Despite its clumsy approach to cod recovery, the provisions of the Cod Plan does contain some progressive elements that now point the way forward – if they can be refined and reinforced. Cod avoidance does not mean not catching any cod. It means adapting fishing patterns –through type of gear, and where and when fishing takes place – to ensure that the total catch of cod is in line with the quota limits. Encouraging these types of fishing behaviours through various types of incentive is already a feature of the current Cod Plan. Analysing why such measures have only been partially successful is one of the main tasks facing the Hamburg meeting. Unnecessarily bureaucratic provisions and unclear language in the Regulation is certainly part of the picture but harnessing the industry’s knowledge and experience in designing and implementing effective cod avoidance has shown great promise – if it can be scaled up to higher levels.What Has Worked and What Hasn’t Worked
Automatic TAC and effort reductions have failed to deliver reductions in fishing mortality but some measures have contributed to rebuilding the cod stocks. The two that have unequivocally helped are more rigorous approach to landing controls and vessel decommissioning. It is significant that in the North Sea fishing mortality fell dramatically between 2000 and 2004 primarily as a result of the reduced fleet capacity and tighter landing controls, although this progress was later squandered by the huge increase in discards. Improved selectivity may also have played a role, although ICES has previously noted that the average mesh size in use has fallen as vessels moved from the whitefish (large mesh) to the nephrops (small mesh) sector to escape the punitive regime there.Failed Policy/ Failed Assessments
The NWWRAC has made the cogent point that the policy failures with respect to cod recovery in the Irish Sea and West of Scotland have led to the collapse of reliable and robust stock assessments. Not only do we not know where we are going, we don’t even know where we are in terms of assessing the abundance, trends and stock dynamics. For this reason, rebuilding the stock assessments must go hand-in-hand with redesigning the Cod Plan. A move away from the blanket one-size-fits-all approach, based on pre-programmed TAC and effort reductions, is required and should be replaced by collaborative science incorporating comprehensive industry data, within a new cod plan base on a realistic time frame. Effective and incentivised cod avoidance measures within an adaptive approach could rebuild confidence in the assessments and trust in the management regime.Next Steps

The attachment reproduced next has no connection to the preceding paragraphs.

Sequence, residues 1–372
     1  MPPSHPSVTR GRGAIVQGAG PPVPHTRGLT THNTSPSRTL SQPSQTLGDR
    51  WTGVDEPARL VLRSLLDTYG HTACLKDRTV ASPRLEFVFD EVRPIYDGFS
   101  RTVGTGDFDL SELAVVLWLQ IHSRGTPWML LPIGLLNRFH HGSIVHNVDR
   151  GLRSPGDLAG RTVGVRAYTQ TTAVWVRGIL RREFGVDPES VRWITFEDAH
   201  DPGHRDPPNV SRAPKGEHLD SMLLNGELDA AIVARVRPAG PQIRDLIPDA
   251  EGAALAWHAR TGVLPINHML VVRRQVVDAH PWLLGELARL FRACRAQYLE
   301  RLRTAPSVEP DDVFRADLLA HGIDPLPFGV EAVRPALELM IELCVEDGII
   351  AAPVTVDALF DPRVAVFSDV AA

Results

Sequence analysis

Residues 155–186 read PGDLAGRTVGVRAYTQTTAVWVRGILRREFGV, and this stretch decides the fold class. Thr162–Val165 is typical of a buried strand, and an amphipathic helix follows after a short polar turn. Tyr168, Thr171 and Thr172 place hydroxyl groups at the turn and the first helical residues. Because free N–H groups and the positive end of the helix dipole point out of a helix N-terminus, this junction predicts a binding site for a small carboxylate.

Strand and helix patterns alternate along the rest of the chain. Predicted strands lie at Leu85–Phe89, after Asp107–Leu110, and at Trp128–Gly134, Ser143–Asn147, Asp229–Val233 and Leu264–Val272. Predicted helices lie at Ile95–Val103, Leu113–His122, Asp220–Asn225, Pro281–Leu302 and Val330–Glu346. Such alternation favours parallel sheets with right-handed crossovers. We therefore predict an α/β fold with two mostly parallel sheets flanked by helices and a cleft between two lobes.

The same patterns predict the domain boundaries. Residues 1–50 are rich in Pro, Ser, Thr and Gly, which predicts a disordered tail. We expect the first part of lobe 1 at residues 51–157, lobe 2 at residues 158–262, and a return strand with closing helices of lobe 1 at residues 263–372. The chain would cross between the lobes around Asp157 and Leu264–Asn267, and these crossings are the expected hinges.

The report produced in Hamburg will be presented to a plenary session of STECF (Scientific, Technical and Economic Committee for Fisheries) in July where it will be stress tested. Once adopted, it will be presented to the Commission and discussed by the member states. If the evaluation suggests that the current plan isn’t working, a new process will open towards recommendations for change and a new plan without the deficiencies of the old plan.NFFO Input
The Federation has worked hard within both the NSRAC and the NWWRAC to ensure that the all the available evidence, including vessel operators’ direct experience of working under the plan, has brought to the table. As strong advocates for a revised cod recovery plan the Federation will make the case for a move away from strong-arm reductions in effort and TACs towards a more intelligent and comprehensive approach focused on results.
In our view a new plan should:
- Clarify and increase the scope for encouraging effective cod avoidance so that TAC reductions actually achieve a reduction in fishing mortality rather than only generating discards
- Underpin effective cod avoidance with complementary decisions on TACs and effort; this means abandoning pre-programmed reductions in TACs and effort allocations
- Move to a recovery timeframe that makes sense in biological and economic terms
- Move away from effort restrictions as an unreliable and often counterproductive instrument in cod recovery; the NFFO has explained the weak or at least unpredictable correlation between effort and fishing mortality elsewhere: http://www.nffo.org.uk/news/cause_effect.html
- Adopt a fishery-by-fishery approach, which means different arrangements in the Irish Sea and West of Scotland from the North Sea
- Have a regional seas focus that allows measures to be tailored to specific fisheries
- Rebuild failed stock assessments in the Irish Sea and West of Scotland using industry data and cooperation, hand in hand with a new approach to management measures